The quiet assassin: Michael Holding
Photo: Getty Images
Wes Hall, Andy Roberts, Colin Croft, Joel Garner, Wayne Daniel, Malcolm Marshall, Curtly Ambrose, Courtney Walsh … the list of frighteningly fast bowlers from the West Indies just keeps on going. Arguably, the most destructive of them all was the Rolls Royce of Caribbean quicks, Michael Holding.
Holding debuted in 1975 when Clive Lloyd's West Indies toured Australia and were hammered 5-1 in Tests, chiefly because of the efforts of the hosts' more experienced batsmen and lethal fast-bowling partnership of Dennis Lillee and Jeff Thompson. Though Holding didn't have a huge impact that series, even then as a raw 21 year-old he was timed at 97mph, or 156.1kph – quicker than Thomson – and would only get quicker.
This series was to be a turning point for West Indian, and world, cricket. Lloyd, who realised after the crushing loss that a similar fast-bowling attack was needed for success and to compliment talented young batsmen such as Gordon Greenidge, Vivian Richards and others, returned to the Caribbean on a mission to unearth young tearaways.
As a result, the West Indies were soon able to form a fearsome, relentless fast bowling attack around Holding, Roberts and co, then maintain it for years to come, giving batsmen the world over plenty of bruises, broken bones and sleepless nights. This attack, combined with an equally aggressive line-up of brilliant batsmen, helped establish a new cricketing dynasty. Apart from a 1-0 loss to India in 1978-79, the West Indies didn't lose another Test series for almost two decades.
In the lead up to the 1976 Test series in England, the hosts' captain and former South African Tony Greig brazenly questioned the West Indies' inner strength in an interview: "You must remember, that the West Indians, these guys, if they get on top they are magnificent cricketers. But if they're down, they grovel, and I intend, with the help of Closey [Brian Close] and a few others, to make them grovel." With apartheid in full swing in Greig's country of origin, the comments outraged the West Indians. The whole West Indies team, led by Holding in attack, were to vent their anger during a comprehensive 3-0 series win.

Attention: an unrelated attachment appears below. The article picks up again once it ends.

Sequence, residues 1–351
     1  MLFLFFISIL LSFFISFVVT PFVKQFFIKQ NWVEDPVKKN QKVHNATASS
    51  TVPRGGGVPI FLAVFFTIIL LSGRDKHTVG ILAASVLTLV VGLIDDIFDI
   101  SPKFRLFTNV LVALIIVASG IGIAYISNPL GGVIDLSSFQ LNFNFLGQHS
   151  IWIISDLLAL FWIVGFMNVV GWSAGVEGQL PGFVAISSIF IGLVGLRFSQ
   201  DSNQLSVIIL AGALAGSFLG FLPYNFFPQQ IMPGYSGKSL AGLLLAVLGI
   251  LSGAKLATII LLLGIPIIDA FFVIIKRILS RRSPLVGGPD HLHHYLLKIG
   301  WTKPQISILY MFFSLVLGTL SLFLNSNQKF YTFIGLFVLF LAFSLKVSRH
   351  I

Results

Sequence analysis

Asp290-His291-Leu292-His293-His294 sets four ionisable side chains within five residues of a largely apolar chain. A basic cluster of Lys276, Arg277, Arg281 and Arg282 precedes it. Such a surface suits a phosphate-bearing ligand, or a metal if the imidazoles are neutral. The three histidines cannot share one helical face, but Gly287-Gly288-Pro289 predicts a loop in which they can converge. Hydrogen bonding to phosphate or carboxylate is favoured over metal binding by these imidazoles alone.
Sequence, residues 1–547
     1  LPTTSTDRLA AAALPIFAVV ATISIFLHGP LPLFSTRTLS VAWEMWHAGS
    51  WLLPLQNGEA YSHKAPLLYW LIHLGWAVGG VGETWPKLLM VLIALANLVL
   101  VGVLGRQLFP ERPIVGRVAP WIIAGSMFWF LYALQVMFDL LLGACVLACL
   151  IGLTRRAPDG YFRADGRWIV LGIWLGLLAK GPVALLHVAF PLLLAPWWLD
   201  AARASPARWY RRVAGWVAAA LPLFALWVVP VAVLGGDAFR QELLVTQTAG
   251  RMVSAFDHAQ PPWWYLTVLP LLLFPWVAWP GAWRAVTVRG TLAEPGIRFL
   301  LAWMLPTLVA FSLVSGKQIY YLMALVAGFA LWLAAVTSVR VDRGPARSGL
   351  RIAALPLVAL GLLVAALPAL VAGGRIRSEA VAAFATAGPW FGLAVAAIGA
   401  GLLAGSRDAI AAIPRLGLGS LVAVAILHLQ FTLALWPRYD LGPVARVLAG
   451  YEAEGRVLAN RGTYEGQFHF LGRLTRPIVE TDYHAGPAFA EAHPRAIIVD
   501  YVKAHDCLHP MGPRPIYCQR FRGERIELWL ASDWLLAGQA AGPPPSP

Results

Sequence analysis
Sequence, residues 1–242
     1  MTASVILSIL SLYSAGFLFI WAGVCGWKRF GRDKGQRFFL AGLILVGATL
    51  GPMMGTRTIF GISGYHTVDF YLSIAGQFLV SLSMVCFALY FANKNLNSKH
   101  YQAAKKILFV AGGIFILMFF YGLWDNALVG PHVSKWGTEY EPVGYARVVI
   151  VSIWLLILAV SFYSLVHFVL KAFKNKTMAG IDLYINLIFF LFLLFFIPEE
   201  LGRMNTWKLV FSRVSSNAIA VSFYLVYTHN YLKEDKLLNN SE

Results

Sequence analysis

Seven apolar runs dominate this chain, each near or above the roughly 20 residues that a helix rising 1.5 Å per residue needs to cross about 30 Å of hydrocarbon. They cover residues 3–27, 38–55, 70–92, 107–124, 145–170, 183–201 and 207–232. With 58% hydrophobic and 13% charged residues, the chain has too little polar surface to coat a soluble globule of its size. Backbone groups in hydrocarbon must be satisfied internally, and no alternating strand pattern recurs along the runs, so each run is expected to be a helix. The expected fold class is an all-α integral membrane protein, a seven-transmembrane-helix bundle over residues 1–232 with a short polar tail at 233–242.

Holding summed up the atmosphere at the time: "It [that comment] did not go down well with us …"
"England batsmen said they did not like to bat with Greig because we bowled faster… "
Holding excelled in this series, his pace and accuracy coming to the fore on a slow batsman's wicket at the Oval where he broke the record for best bowling figures in a Test by a West Indies bowler with 14 wickets for 149 runs. The record still stands.
A former long jumper with the smoothest of athletic run-ups, Holding was soon dubbed 'Whispering death' by cricket umpires, who couldn't hear him approach until he was right beside them delivering the ball. The tall Jamaican also had a fiery fast bowler's temperament and no qualms about using his height and pace to generate nasty bounce.
Holding was named Wisden's cricketer of the year in 1977. Overall, he played 60 Tests and nine SuperTests in a career spanning 13 years, finishing with 284 wickets at an average of 23.61 and at a strike rate of 50 balls per wicket, figures superior to those of the man some say was the best fast bowler in history: Dennis Lillee. Granted, Lillee didn't always have another three fast bowlers softening the batsmen up at the other end or when he rested, but the Australian attacks of Lillee's era weren't too shabby either, with partners such as Thomson, Len Pascoe, Geoff Lawson, Rodney Hogg, and Carl Rackemann hurling them down.
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